Finland’s government-run health care system is a mess.
This normally wouldn’t faze me much. I have to navigate our American mess, er, system. But Finland’s medical service delivery system is relevant to Americans — as is Denmark’s and Norway’s and Sweden’s — because the current crop of Democratic presidential hopefuls tout these “Scandinavian socialist” programs as models to follow.
Yet Finland’s program is in crisis.
How bad is it?
Bad enough for Finland’s government to fold early, before an election, with Prime Minister Juha Sipilä throwing in the towel earlier this month. He had been struggling “to get social and health-care reforms that he made the cornerstone of his government’s four-year term through parliament,” The Wall Street Journal informs us. Finland’s health care system is somewhat decentralized, and that quality of service varies district by district. Silipä had been trying to centralize administration while also allowing for some privatization.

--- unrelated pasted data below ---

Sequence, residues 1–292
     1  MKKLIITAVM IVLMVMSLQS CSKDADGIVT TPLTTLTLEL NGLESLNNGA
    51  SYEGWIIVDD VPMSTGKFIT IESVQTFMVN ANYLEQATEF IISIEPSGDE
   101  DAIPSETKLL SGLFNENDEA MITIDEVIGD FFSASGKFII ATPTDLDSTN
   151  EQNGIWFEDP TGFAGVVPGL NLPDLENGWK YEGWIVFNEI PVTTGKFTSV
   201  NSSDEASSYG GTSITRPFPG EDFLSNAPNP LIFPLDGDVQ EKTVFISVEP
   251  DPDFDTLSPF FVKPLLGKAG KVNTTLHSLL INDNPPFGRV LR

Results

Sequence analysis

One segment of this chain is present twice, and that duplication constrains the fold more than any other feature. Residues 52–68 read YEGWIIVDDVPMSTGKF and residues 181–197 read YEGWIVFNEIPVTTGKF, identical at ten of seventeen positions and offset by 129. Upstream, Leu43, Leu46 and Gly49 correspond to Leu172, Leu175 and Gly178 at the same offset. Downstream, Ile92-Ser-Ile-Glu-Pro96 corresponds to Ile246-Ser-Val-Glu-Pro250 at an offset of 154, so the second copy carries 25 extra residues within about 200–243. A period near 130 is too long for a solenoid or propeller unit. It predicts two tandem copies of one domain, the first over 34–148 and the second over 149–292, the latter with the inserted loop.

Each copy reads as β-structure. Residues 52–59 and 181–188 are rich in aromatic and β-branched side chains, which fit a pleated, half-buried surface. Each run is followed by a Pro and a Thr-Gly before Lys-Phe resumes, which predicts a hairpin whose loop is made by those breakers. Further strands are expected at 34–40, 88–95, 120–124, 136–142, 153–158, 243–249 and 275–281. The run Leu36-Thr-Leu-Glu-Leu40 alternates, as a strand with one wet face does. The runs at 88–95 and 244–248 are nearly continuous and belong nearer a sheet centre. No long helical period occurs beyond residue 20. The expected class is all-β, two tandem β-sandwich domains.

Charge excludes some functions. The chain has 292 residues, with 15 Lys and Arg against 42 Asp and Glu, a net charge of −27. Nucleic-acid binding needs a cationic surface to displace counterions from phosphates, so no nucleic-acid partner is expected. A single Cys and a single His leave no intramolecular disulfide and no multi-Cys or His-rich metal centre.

Left-leaning parties have balked at this, hence the impasse.
So, what is the lesson? A medical delivery system should be anti-fragile, capable of functioning despite incompetents or corrupt officials in government, despite voting blocs at loggerheads. A vast segment of the service industry should not be held in hock to the political machinations of special-interest groups.
Behind all of it, though, is the looming demographic crisis: the population of Finland, like here in America and throughout the First World, is aging. This puts heavy stressors on welfare-state systems run on a Ponzi-like re-distributive basis.* Of course costs will increase and service levels will fall, given how it’s all set up.
But once in place, government-run medical systems do not heal themselves.
This is Common Sense. I’m Paul Jacob.
* An endemic problem for socialists, which they try to ignore. See “Finland: Government Collapses Over Universal Health Care Costs, #Bernie2020 Hardest Hit.”